- Category: Volume 86 (Fall 2014 - Spring 2015)
- Published: 03 December 2014
- Written by BRANDON JOHNSON | POLITICS EDITOR
Americans are more likely to identify as conservative, according to a Gallup poll published Jan. 10, 2014. This ideological classification of liberal vs. conservative permeates American politics and is often the basis by which individuals frame their political beliefs and spark everyday conversation with others.
Thomas Jefferson, a founding member of the US Constitution and 3rd President said, “I never considered a difference of opinion in politics, in religion, in philosophy, as cause for withdrawing from a friend.” This begs the question to be asked, is politics difficult to talk about?
Before one can debate whether politics is a difficult subject to talk about, he or she must first consider what is meant by politics.
Dr. Walter Greason, instructor of history and anthropology said, “Politics is the notion of distributed authority.” The US is a representative democracy, meaning voters elect individuals who then act for them in the public forum. According to Greason, the authority in politics is shared between these levels of membership in the political spectrum.
Some of the difficulty in discussing politics beyond the educational setting stems from the distribution of authority, and the feeling of powerlessness created by it. “People (constituents) don’t like to acknowledge their relative powerlessness. People in authority (elected officials) often feel uncomfortable with explaining their decision-making,” said Greason. He found this disconnect to be a contributing factor to the problems with the ease of conversing about politics.
Dr. Michelle Van Volkom, a lecturer of psychology added that the government is often viewed as “a very distrusted entity.” Despite noticing what seem to be prevalent levels of doubt in politics, Van Volkom noted that the problem is not necessarily discussing aspects like legislation and judicial decisions, rather, it is the conversation about the politicians themselves.
“I do not think politics is difficult to talk about – people do want to talk about it, but in current times there is such a feeling of disillusionment about politicians.” Van Volkom said that despite the disillusionment, the political world is very accessible, considering its prevalent role in the media.
Zak Fama, a sophomore history and political science major, aligned closer to Greason’s position. “Politics in the real world, especially today’s, is a very touchy subject. People often fear admitting their political affiliation to avoid scrutiny. So in a sense, yes, it is difficult to talk about. The varying opinions of people also make politics a little more difficult to discuss.”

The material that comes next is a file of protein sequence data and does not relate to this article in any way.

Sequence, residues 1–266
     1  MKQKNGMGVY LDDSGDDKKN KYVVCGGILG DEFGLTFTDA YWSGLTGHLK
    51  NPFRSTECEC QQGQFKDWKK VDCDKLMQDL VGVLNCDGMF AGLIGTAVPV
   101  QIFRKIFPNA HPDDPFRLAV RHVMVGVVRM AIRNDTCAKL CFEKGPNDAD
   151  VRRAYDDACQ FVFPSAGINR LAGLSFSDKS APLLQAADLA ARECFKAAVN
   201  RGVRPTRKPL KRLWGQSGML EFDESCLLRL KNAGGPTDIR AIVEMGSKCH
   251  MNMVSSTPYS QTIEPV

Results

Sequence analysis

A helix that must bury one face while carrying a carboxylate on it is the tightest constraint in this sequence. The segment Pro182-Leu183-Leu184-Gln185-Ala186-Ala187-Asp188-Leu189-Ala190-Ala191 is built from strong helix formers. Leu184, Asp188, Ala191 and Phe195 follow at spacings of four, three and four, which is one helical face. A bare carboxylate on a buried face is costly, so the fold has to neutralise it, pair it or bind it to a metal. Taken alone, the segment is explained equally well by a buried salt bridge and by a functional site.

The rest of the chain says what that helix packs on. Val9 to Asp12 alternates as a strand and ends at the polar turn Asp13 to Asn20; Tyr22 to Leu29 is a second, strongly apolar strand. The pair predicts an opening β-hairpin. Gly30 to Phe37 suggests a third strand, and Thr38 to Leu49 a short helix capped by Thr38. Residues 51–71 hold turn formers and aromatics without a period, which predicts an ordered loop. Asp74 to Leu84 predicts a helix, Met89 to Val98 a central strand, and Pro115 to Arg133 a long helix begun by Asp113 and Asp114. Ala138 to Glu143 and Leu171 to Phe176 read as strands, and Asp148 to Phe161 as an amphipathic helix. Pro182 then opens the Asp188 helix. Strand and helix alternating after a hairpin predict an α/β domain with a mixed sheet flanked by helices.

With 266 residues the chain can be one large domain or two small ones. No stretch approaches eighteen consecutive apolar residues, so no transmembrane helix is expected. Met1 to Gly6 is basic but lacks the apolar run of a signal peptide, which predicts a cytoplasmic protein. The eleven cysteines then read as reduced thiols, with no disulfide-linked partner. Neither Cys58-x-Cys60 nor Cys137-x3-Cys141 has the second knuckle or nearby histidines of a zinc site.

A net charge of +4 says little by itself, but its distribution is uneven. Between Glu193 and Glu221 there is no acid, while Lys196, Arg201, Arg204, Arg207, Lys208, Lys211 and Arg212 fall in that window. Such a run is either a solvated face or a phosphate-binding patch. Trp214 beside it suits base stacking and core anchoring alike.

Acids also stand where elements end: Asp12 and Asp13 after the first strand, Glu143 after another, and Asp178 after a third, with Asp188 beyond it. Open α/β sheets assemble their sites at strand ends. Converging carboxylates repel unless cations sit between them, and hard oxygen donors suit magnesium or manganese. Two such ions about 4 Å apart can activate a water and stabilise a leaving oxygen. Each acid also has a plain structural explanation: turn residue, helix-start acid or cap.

The way in which individuals gain political knowledge also has an impact on how people discuss politics. According to Dr. Michael Phillips-Anderson, associate professor of communication, “Television news is often too simple and the laws themselves are too complex. We need effective civic education and a responsible means of translating political issues for the public to thoughtfully consider.” He said that the way in which individuals learn about the political world influences to what extent people can engage in political discussion before becoming argumentative.
Another influence on political discussions is the incentive politicians have to portray the political realm in a manner favorable to their positions.
Professor Gregory Bordelon, lecturer of political science said, “…The ability to educate people on how the methods of the political science discipline translate to the practical sphere of public politics that is challenging.” He said that because policy analysts and officials have their own agendas, political messages are often disseminated in ways convenient to their strategies.
In order to allow for better political discussion, Greason suggested the model of the Freedom Schools, educational centers primarily for African Americans originating from the Civil Rights Movement. He said, “The model of Freedom Schools foster democratic accountability and increase every individual’s perception of their ability to shape his or her life.”
Phillips-Anderson and Bordelon both noted that proper political education is important to foster constructive political discussion. Bordelon said, “Education about how governments operate, particularly at the state and local level make for more involved citizens which in turn can use transparency to yield both efficiency and accountability. Education here, as in many areas is the key.”
IMAGE TAKEN from gallup.com